Following allegations that the company had staged fake blood tests using commercial-lab equipment to impress investors, Theranos announced today that it has reached a settlement in two lawsuits being levied against the company by one of its investors, Partner Fund Management L.P. The hedge fund initially sued Theranos for nearly $100 million, alleging Holmes & Co. had lied about the abilities of the company’s blood technology to get them to invest. (PFM invested $96 million in Theranos in 2014.) Throughout the duration of the suit, Theranos denied any and all allegations.
The terms of the settlement between the company and the hedge fund remain confidential, Theranos also announced in a press release today. “Theranos is pleased to have resolved both lawsuits with PFM. Although we are confident that we would have prevailed at trial, resolution of these two cases allows our tender offer to go forward and enables us to return our focus where it belongs, which is on executing our business plans and delivering value for our shareholders,” Theranos general counsel David Taylor said of the settlement.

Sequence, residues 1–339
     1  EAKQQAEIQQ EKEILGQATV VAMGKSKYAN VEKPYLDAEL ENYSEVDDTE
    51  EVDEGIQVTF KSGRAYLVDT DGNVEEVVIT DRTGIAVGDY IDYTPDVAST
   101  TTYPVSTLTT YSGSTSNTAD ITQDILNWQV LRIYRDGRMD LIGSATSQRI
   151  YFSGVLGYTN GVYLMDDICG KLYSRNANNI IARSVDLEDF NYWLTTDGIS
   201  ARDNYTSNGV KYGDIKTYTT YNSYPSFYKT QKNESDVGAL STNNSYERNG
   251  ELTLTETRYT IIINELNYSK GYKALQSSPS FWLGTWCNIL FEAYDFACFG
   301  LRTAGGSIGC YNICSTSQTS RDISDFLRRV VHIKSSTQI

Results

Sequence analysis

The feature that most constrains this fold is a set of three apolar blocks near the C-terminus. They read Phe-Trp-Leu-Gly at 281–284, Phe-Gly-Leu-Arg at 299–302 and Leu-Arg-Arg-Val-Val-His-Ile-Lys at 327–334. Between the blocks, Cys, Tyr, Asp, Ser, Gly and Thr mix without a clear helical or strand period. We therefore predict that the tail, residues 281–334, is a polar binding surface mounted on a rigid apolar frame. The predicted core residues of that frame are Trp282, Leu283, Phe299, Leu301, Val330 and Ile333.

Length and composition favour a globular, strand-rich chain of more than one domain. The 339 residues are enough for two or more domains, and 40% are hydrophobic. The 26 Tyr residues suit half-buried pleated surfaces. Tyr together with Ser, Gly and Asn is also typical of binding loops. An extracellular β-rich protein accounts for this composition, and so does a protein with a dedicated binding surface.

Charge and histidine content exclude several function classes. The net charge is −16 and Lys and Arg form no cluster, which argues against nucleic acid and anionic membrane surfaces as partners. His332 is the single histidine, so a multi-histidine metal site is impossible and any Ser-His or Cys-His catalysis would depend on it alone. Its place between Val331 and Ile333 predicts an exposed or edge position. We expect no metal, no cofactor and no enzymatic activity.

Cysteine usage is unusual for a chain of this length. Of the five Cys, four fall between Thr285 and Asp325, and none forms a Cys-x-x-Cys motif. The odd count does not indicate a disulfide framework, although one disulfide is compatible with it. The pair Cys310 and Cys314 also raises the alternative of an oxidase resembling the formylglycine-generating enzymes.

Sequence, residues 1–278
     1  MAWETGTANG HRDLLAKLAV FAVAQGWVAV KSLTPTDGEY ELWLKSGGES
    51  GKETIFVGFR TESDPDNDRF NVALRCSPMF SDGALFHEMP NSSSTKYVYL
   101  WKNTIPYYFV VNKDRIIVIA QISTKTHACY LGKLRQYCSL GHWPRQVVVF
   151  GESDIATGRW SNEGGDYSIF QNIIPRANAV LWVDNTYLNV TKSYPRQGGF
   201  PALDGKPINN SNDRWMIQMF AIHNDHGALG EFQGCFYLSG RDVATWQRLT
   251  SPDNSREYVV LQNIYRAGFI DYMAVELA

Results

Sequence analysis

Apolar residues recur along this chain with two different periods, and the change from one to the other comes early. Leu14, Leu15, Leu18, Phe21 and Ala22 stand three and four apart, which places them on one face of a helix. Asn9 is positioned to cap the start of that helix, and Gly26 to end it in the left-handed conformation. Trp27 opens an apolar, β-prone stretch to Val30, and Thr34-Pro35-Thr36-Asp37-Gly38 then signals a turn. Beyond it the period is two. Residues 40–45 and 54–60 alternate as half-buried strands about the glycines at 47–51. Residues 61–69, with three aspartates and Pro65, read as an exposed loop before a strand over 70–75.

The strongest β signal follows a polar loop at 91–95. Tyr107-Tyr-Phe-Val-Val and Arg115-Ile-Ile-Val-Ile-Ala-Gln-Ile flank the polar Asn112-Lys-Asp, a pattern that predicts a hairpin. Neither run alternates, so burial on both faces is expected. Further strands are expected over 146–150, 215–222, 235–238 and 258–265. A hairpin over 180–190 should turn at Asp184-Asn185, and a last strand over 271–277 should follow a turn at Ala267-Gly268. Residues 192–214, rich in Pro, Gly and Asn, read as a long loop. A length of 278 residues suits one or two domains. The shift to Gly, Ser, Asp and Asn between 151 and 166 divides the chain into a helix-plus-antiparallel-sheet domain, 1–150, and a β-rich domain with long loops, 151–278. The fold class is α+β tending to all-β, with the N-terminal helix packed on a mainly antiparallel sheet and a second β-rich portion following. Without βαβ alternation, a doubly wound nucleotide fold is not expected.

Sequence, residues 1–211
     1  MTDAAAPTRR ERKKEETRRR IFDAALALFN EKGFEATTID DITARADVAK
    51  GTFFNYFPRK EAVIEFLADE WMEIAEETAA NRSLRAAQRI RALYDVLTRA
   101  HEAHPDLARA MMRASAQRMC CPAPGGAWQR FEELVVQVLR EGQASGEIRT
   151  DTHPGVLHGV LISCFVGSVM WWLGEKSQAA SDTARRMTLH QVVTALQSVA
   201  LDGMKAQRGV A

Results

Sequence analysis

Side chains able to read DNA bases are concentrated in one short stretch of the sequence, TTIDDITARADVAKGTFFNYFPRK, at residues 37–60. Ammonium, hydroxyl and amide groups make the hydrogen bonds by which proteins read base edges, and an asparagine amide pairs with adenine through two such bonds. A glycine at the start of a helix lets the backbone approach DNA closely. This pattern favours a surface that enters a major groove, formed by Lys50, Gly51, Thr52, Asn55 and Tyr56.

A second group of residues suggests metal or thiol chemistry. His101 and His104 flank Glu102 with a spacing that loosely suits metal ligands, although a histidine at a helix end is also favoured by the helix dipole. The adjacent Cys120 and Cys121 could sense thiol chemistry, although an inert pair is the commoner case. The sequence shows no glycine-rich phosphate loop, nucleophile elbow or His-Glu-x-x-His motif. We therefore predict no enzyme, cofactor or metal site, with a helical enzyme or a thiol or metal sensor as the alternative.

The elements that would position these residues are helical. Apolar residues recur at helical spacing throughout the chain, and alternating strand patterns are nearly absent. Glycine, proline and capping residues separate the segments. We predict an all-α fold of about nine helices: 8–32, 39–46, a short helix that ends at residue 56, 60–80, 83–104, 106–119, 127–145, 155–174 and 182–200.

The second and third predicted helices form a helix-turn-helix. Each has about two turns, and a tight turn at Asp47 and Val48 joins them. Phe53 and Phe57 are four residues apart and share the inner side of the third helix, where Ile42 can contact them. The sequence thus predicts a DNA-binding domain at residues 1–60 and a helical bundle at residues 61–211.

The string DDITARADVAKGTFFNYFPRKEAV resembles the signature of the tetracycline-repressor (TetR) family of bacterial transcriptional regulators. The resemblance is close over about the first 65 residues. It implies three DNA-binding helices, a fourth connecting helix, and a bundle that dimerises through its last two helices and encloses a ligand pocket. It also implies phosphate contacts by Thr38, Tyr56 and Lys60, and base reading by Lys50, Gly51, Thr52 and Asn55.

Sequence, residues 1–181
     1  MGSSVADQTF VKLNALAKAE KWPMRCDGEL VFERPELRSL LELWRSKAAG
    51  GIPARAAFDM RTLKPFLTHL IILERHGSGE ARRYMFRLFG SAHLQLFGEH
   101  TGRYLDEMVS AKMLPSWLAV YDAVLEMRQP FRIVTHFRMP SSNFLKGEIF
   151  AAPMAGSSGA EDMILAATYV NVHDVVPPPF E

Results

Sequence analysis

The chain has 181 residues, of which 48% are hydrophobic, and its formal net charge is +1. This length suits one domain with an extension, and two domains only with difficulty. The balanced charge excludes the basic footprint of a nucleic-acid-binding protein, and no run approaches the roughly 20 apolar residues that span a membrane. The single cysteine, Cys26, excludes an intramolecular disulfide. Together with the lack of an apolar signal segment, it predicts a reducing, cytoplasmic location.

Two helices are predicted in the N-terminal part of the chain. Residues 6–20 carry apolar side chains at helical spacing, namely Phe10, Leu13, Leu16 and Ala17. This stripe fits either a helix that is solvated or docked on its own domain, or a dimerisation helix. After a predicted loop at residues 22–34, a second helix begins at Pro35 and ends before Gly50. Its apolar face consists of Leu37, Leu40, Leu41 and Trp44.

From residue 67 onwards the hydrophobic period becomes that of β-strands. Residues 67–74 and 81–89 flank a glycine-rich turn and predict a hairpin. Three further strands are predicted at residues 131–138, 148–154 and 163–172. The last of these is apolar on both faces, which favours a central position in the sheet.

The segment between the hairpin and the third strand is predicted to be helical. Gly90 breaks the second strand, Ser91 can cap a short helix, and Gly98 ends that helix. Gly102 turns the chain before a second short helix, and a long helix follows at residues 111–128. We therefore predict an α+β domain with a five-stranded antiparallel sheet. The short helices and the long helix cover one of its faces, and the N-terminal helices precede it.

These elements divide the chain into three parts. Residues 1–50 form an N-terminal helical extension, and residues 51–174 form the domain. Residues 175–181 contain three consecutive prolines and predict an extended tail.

Now, Theranos says it will be able to channel all its energy and capital into its miniLab technology. The miniLab is, at least theoretically, a testing device that reportedly scans for up to 40 diseases using only a small blood sample. Back in October, after closing all remaining clinical labs and Theranos Wellness Centers, and laying off 40 percent of the company’s staff, Elizabeth Holmes announced that the miniLab would be the company’s sole focus. There has been some skepticism surrounding the miniLab technology, so as with all Theranos technology, we’ll just have to wait and see if it ever actually materializes. And then, someone should probably double-check that it actually works.
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